Vol. 3(3), July 2004, pp. 247-252

 

Investigation on the wound healing activity of
Tilvadi ghrita : a herbal formulation

 

M S Charde, A T Hemke, S V Fulzele, P M Satturwar, A V Kasture and A K Dorle

 

Tilvadi ghrita (TG) is a ghee-based herbal formulation claimed to promote wound healing in traditional practices. However no systematic studies are reported in modern scientific literature with regard to the verification of the traditional medicinal claims of TG. The present study was undertaken to investigate and rationalize the wound healing activity of TG in experimental rats. Tilvadi ghrita increased the tensile strength which is significantly improved over the untreated wounds. Promotion of tensile strength demonstrates wound healing potential of TG in incision wound which may probably be due to promotion of collagenation. This data is further supported by observation of histopathological response in healed tissues which reveal that TG promotes keratinization, epithelization, collagenation and fibrosis. TG also demonstrates its healing potential in excision wound model with significant reduction in wound contraction area with faster healing.

 

Keywords: Tilvadi ghrita, Wound healing activity, Herbal formulation.

IPC Int Cl.7:A61K 35/78, A61K 35/20, A61P 29/00, A61P 17/02, A61P 31/02.

 

 

 

Indian Journal of Traditional Knowledge

 Vol. 3(3), July 2004, pp. 253-256

 

Indigenous practice on protection of Areca catechu Linn. seedlings – A case study in Meghalaya

M Umdor

 

The present study was conducted in the southern part of East Khasi Hills District of Meghalaya dominated by tribe Khasi Wars where maximum land is under Areca nut plantation. Areca nut seedlings are seriously damaged by the grubs of a red palm weevil which kill the whole seedling. However, the Wars farmers with their traditional wisdom easily detect the infested seedlings and with their indigenous practices of “checking the grubs in nuts” locally known as “peit ksain kwai” control the damage of the young plants. Khasi Wars farmers’ knowledge for identifying and protecting Areca nuts damage in the young stage developed by indigenous initiative, inherited over generations, is very effective and still in practice.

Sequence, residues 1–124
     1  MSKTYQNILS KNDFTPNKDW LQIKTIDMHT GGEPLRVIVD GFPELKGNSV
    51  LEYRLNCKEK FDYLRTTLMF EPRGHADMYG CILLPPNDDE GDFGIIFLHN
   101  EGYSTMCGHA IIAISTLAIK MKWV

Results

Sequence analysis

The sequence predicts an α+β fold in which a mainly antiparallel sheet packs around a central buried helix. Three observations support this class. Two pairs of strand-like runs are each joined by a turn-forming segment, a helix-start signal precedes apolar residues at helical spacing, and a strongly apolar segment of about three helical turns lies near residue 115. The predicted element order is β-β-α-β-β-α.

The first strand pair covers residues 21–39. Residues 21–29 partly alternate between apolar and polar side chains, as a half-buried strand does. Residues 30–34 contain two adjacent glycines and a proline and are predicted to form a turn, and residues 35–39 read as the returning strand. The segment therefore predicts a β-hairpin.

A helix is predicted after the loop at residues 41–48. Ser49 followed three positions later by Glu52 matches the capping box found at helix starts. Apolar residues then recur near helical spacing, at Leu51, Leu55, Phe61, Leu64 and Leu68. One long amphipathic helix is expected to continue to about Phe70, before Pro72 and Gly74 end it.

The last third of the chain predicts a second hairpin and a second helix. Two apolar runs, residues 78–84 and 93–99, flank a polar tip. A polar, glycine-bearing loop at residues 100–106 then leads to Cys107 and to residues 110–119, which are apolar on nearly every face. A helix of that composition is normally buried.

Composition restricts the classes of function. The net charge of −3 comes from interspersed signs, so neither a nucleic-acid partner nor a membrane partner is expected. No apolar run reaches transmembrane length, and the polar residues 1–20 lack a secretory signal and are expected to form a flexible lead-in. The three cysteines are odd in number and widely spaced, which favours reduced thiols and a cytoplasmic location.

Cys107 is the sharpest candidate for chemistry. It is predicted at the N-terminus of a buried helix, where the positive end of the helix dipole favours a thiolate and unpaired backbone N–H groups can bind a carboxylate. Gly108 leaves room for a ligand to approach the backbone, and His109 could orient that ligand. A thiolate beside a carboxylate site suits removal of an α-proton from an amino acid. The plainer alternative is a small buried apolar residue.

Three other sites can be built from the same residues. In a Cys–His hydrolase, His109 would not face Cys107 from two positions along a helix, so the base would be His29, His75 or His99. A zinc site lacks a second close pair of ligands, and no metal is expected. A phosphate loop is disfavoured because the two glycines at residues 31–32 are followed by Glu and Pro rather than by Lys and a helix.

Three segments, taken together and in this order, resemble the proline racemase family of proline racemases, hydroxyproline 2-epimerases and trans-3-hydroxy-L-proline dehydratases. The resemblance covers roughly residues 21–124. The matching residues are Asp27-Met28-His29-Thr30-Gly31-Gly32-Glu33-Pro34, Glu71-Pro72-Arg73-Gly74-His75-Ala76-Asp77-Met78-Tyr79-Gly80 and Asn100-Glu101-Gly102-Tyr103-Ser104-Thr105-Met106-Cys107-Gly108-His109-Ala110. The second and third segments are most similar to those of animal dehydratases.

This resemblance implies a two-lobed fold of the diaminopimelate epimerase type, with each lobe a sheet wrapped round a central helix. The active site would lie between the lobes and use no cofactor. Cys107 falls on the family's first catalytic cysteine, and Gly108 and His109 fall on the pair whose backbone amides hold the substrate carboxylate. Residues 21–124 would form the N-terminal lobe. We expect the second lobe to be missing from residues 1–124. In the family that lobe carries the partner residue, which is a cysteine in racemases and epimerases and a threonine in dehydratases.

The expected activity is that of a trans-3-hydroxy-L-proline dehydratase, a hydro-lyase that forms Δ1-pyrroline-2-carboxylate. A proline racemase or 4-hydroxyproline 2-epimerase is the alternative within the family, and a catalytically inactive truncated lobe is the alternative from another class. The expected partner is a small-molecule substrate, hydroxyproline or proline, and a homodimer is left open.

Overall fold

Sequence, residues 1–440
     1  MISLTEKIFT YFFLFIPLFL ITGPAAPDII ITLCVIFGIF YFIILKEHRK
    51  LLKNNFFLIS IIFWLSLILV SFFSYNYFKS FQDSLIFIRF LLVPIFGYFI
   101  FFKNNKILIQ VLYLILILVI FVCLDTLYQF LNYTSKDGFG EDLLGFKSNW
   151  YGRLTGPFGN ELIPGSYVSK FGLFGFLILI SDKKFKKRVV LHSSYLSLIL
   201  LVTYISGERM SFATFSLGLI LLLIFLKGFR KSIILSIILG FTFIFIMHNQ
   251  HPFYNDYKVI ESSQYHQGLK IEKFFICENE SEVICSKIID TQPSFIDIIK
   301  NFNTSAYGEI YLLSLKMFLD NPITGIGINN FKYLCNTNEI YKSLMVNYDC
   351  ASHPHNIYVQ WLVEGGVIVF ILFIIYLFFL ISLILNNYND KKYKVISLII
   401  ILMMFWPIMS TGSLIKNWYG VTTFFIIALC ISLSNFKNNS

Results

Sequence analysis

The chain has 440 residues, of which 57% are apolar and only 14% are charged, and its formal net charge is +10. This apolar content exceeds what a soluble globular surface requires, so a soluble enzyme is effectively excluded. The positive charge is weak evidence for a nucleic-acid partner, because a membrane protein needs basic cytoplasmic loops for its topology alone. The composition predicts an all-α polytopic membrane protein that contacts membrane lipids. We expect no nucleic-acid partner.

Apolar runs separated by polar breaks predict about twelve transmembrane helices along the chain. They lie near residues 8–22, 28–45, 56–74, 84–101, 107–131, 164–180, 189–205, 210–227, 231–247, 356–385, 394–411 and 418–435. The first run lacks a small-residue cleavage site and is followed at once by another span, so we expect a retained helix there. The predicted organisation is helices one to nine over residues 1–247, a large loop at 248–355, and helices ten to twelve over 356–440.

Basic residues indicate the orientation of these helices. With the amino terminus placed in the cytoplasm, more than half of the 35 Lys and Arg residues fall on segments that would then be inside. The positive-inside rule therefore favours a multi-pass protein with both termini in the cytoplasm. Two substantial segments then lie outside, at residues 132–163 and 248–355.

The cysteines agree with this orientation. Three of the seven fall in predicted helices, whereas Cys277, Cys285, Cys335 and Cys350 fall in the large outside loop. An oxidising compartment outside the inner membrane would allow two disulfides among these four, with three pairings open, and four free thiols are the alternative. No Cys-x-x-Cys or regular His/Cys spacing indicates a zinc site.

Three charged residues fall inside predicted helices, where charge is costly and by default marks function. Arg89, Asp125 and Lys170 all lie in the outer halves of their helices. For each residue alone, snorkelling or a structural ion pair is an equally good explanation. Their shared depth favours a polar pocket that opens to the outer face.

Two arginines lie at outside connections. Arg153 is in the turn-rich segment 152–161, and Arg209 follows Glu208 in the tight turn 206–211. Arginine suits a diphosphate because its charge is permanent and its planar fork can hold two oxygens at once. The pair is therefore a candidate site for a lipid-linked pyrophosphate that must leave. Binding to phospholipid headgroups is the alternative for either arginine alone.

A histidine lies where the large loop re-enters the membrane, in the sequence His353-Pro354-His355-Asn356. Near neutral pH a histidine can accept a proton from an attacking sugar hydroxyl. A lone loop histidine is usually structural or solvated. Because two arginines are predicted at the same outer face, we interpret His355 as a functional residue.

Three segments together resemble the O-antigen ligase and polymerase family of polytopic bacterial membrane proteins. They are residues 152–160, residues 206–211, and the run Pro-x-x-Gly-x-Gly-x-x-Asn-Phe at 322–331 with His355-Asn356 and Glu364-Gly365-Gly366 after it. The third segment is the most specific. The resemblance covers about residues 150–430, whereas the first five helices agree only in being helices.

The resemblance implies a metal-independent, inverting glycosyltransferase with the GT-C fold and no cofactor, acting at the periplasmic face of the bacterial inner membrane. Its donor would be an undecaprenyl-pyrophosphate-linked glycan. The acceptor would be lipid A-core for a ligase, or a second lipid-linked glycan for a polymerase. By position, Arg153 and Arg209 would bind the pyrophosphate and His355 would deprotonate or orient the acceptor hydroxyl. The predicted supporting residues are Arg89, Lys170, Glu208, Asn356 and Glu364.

Keywords: Indigenous practices, Khasi Wars, Areca nut seedlings, Red palm weevil, Pest control.

IPC Int.Cl.7: A01G13/10, A01M27/00.

 

 

 

Indian Journal of Traditional Knowledge

 Vol. 3(3), July 2004, pp. 257-270

 

Tinospora cordifolia (Guduchi), a reservoir plant for
therapeutic applications: A Review

Kirti Sinha, N P Mishra, J Singh and S P S Khanuja

 

Tinospora cordifolia (Guduchi or Amrita) is an important drug of Ayurvedic System of Medicine and found mention in various classical texts for the treatment of diseases such as jaundice, fever, diabetes and skin disease etc. In present times, this drug has been subjected for numerous chemicals, pharmacological, pre-clinical and clinical investigations and many new therapeutic applications have been indicated. This paper presents a critical review in areas of chemical constituents, proved pre-clinical and clinical trials along with its medicinal uses in different streams of medical sciences.

 

Keywords: Tinospora cordifolia, Guduchi, Tinosporosides, Immunomodulator.

IPC Int. Cl.7: A61K35/78, A61P25/20, A61P1/16, A61P35/00, A61P1/04, A61P25/00, A61P3/10, A61P3/06, A61P1/14, A61P13/04, A61P29/02, A61P37/00.

 

 

 

Indian Journal of Traditional Knowledge

Vol. 3(3), July 2004, pp. 271-275

 

Medicinal plants used as antipyretic agents by the traditional healers of Darjeeling Himalayas

D R Chhetri

 

Darjeeling Himalayan region is characterized by a rich floral diversity. Since most of the hilly terrain is devoid of modern medical facilities, the people here are dependent on Traditional Medicine Systems for their health-care. During the course of the study, it was found that 37 species of plants belonging to 29 families are utilized as antipyretic agents in the different ethnic medicine practices prevalent in the region.

 

Keywords: Antipyretic activity, Folk medicine, Herbal medicine, Ethnomedicine, Traditional medicine.

IPC Int Cl7.: A61K 35/78, A61P 33/06, A61P 29/00.

 

 

 

Indian Journal of Traditional Knowledge

 Vol. 3(3), July 2004,pp. 276-286

 

Farming proverbs: analysis of their dynamics
and farmers’ knowledge

Ranjay K Singh and A Dorjey